Harder Than It Needs To Be

Take a moment right now to remember a time you found yourself running around in circles. Perhaps you were packing for a trip and your mind was racing with all the things you need to remember to put in the suitcase. You need to remember to grab your toothbrush, or a belt or a jacket and ask your neighbor to pick up your mail and/or water your plants. Maybe you still need to type up the instructions for your pet that is staying back with a sitter. Or another scenario could be that you have a deadline for a project and its crunch time. As you are tying up the loose ends there are little things to consider. Did everyone add their comments to the document? Did the final data points get included? Were the references added? Are the slides ready? There could be a myriad of situations that can keep us overwhelmed, distracted, moving in too many different directions at one time. I know for myself; I am not thinking clearly or efficiently in those moments and end up making things harder for myself. I find myself running around in circles willy nilly vs. thinking strategically or carefully about how I’m using my energy.

Fortunately, the last couple of weeks have not been as busy. It’s quieter this summer than in years passed. It seems as if people are actually taking time off and enjoying some vacation. Thus, I’ve had more time to work SLOWLY through the week, being more intentional and thoughtful. It’s been a pleasant change of pace and one I’ve appreciated, as I know times like these are fleeting. I tried to soak it in, notice and embrace it. Although it’s been more relaxed for me, it hasn’t necessarily been like that for some of my coworkers.

There have been two separate instances with two of them that stood out to me this last month. I’ll modify them a little to keep it more anonymous.

In one situation, I got an email request from an administrator who had a specific question about a school mental health program. I forwarded her question to someone from that particular program who then subsequently bounced it around to someone else who forwarded it to someone else who eventually sent an email response. Initially, I thought, oh good it eventually got to the right person who can help but imagine my disappointment and surprise when days later that same administrator came back to me saying their question hadn’t been answered. I immediately called them, and we resolved it within 5 minutes. She was extremely grateful for the personalized attention she received, and it took very little time.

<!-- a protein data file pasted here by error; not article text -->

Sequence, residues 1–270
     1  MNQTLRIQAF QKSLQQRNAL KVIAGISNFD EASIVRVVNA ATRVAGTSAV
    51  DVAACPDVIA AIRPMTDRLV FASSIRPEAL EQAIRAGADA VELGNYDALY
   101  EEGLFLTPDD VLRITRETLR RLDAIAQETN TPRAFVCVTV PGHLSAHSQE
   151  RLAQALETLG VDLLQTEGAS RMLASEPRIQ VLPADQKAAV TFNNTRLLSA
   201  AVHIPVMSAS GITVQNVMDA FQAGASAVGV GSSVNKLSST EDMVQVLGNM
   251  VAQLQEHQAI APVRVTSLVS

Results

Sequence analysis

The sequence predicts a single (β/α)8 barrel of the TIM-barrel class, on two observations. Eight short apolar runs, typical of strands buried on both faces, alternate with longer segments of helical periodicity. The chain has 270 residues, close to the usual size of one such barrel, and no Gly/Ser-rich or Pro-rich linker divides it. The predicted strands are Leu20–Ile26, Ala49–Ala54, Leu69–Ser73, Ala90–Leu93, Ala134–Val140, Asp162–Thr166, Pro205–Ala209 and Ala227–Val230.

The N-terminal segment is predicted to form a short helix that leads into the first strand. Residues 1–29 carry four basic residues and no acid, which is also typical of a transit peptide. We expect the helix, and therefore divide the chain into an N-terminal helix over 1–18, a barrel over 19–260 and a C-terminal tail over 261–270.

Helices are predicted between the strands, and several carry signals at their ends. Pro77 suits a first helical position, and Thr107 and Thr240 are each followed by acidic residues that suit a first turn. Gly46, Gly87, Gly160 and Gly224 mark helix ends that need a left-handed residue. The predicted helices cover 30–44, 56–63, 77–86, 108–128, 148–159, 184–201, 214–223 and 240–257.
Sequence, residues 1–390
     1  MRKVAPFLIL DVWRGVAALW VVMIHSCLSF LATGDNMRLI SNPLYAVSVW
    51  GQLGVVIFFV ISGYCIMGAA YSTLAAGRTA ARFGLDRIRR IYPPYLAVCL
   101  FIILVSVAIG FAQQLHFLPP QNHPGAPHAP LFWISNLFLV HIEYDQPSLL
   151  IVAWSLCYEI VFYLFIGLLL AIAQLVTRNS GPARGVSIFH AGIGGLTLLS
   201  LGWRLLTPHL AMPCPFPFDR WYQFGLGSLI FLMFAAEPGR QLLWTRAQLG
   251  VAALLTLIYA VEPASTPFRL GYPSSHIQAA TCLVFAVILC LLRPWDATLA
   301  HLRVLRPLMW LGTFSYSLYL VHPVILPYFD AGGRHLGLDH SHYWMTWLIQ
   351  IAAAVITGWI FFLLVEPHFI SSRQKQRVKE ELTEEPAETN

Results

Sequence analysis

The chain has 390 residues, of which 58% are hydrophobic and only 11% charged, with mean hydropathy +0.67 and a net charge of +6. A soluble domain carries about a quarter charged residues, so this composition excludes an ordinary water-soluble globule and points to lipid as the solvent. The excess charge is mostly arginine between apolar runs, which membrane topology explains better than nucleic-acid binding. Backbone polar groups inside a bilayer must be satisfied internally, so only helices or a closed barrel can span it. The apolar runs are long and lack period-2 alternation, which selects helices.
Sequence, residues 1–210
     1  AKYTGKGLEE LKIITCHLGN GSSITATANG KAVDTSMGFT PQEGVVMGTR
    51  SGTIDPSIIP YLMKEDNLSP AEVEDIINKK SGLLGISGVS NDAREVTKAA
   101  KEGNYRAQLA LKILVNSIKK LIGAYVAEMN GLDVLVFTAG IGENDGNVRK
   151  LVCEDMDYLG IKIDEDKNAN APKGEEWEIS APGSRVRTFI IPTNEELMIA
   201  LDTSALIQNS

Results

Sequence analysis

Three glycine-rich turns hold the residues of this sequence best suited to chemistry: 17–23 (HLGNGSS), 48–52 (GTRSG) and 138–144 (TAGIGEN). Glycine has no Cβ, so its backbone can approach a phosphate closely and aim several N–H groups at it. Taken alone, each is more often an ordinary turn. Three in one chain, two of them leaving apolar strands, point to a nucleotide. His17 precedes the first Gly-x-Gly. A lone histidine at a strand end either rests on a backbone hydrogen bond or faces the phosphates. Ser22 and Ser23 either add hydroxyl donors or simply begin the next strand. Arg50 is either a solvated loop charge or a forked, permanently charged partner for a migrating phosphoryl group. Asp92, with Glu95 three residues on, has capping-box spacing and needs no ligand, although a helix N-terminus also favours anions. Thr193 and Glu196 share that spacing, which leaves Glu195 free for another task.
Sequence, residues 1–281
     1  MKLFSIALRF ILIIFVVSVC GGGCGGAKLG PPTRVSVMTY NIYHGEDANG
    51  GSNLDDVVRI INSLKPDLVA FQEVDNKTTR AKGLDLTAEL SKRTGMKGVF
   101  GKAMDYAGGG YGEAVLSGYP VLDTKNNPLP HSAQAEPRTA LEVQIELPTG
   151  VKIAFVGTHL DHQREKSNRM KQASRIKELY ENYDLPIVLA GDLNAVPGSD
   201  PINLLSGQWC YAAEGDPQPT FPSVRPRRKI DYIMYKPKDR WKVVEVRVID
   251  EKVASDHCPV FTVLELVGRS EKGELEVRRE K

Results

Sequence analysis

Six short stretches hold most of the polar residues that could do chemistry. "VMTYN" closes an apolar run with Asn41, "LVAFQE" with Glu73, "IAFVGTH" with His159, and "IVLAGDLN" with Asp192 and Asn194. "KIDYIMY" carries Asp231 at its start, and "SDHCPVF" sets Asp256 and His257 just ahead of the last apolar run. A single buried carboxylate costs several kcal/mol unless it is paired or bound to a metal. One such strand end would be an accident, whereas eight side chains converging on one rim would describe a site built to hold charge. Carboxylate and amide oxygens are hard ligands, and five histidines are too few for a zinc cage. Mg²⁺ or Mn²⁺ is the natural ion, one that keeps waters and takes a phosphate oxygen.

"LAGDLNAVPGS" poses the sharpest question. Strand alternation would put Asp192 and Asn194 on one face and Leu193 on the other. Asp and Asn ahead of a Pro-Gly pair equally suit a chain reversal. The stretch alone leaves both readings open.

In another example, I was going to meet a colleague for an in-person meeting. In trying to decide where we would meet, they suggested we just go to the office which is over an hour away for both of us. In further exploration, neither of us needed to go to the office so I was able to take a few minutes to find a location halfway between our residences so we each only had to drive 25 minutes to a venue in between us. It saved both of us time and money and the location worked well. We plan to meet there again in the future!

In both of these cases, knowing the parties well, I thought, why did these situations get so overly complicated?   Upon reflection, I realized that both of my coworkers (friends) are so overwhelmed and stressed with their other tasks that they didn’t have the capacity to think outside the box and just reacted. It was too much to put any brain power to the request. They are just moving so quickly through their day that taking time to SLOW down felt harder than figuring out a more simple/easier solution. I KNOW I have done that so many times myself. And it was only because I had the luxury of a slower schedule that I could problem solve and help out in those ways. However, it wasn’t lost on me that even in those harried times perhaps things would be less chaotic if we force ourselves to not just react but be intentional and thoughtful about how we respond to different requests made of us. Maybe there are opportunities to simplify things. Sometimes automatic pilot can be effective but not necessarily efficient. There is always a lot to do, let’s try not to make it harder than it needs to be.

Less Is More